JASPER COUNTY, Mo. – With COVID-19 cases spiking in Joplin and across Jasper County, health officials are urging people to take precautions. In the last week, Joplin has added 274 cases, bringing its total active case load to 345.
Jasper County Health Department has 322 active cases and reported two more deaths on Friday, bringing the toll to 63. Its added a total of 551 new cases in the past two weeks.
“Covid numbers are going up and we actually are seeing the highest number of inpatients we’ve had since this pandemic started 232 days ago,” stated Jeremy Drinkwitz, President of Mercy Hospital in Joplin.
“We have more people that are on active isolation orders than we’ve had at any time in the past, and so it is out there, and at least in the last few days, we’ve had a pretty significant spread,” said Tony Mohr, Director of the Jasper County Health Dept.
Covid cases are up over 23% and climbing in Jasper County, breaking new records and worrying parents like Marissa Kastl who says her three kids all go to school in person.
“I mean I’m concerned, but I do feel comfortable sending them because Joplin does a really good, job I feel like,” Kastl said.
“There’s always gonna be a spike at some point when large amounts of people are together,” she reasoned.
It’s putting a real strain on area hospitals. Freeman currently has 44 COVID-19 patients. Mercy officials say they’re seeing their highest number of covid patients, hovering in the 30’s to 40’s. That’s impacting wait times and bed availability for patients in the ER.
“We still got some capability, but what I want people to know is that is not unlimited, and so we have staffing constraints. We have staffing resources that are a little bit tight in some areas right now. We are making it work, but if we have big waves coming in, we’re gonna be having a lot of challenges for us going forward,” said Drinkwitz.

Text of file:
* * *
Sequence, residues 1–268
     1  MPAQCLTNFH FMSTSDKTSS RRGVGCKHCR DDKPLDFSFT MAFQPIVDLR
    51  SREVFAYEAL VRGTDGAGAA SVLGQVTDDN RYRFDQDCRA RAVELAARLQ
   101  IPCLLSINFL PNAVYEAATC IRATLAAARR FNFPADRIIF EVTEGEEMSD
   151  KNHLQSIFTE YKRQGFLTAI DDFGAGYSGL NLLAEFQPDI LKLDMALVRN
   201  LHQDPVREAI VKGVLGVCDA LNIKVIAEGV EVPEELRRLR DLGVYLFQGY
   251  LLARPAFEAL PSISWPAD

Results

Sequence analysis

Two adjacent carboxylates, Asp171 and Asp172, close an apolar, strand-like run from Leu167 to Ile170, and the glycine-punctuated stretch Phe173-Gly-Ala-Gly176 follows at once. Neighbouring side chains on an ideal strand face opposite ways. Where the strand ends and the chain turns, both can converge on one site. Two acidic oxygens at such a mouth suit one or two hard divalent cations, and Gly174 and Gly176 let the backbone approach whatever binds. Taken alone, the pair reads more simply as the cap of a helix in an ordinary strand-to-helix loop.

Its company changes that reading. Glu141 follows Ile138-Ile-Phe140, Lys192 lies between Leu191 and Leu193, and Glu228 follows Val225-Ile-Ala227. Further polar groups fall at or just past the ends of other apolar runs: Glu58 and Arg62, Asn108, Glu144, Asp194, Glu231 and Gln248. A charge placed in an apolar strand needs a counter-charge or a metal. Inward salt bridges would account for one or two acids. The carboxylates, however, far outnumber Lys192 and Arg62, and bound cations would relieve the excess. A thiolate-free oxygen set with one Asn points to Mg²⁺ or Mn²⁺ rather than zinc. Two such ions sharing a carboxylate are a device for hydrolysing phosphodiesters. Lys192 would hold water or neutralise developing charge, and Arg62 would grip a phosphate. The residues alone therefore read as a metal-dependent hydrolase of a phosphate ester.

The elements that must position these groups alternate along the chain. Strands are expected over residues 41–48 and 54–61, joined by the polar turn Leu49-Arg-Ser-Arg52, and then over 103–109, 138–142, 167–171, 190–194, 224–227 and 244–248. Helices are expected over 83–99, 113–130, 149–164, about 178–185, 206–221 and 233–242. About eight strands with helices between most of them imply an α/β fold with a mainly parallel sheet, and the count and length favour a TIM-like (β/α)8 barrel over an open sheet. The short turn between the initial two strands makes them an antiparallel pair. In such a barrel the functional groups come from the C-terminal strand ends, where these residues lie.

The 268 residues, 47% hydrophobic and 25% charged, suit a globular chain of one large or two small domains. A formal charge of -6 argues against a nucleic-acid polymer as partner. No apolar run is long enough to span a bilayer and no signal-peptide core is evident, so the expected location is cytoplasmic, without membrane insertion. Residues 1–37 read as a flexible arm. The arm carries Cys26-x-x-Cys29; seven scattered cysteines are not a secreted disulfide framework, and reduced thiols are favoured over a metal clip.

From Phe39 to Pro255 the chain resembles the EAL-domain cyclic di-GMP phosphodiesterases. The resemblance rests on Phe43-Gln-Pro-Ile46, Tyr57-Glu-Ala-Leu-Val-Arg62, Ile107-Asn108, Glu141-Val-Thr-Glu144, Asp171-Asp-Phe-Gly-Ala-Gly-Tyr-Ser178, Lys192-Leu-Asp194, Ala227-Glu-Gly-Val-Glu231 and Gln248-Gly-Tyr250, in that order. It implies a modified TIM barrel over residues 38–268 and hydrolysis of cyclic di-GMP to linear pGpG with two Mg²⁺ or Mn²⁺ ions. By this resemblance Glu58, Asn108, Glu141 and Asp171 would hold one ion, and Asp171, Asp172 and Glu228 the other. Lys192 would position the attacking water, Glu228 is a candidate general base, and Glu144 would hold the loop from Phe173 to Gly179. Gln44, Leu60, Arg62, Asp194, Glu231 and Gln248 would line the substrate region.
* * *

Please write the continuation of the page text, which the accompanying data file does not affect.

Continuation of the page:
Capacity is a growing concern for hospitals across Missouri. For some, 10% of all patients are battling the coronavirus.
“The hospitals in our area are getting full. The hospitals in Springfield are full, and Kansas City and St. Louis are full, and so the people who think there’s an unlimited amount of resources, there’s not,” emphasized Drinkwitz.
Health officials say people need to wear a mask and social distance as much as possible to help get things back under control.
“That really is the only tool we’ve got in the tool box right now and so, you know, until we get a vaccine or better cures for the illness, that’s our only message that we can use,” said Mohr.
Chief medical officers from the University of Kansas Health System, Liberty Hospital, North Kansas City Hospital, Truman Medical Centers University Health and others briefed about 150 lawmakers on Friday concerning the rising case load across the state.
Doctors say it’s up to elected officials to deal with the rising numbers in whatever ways they deem necessary, but urged them to convey to the public the pillars of infection prevention, and that those who wear masks and avoid large gatherings help keep businesses open and keep people out of hospitals.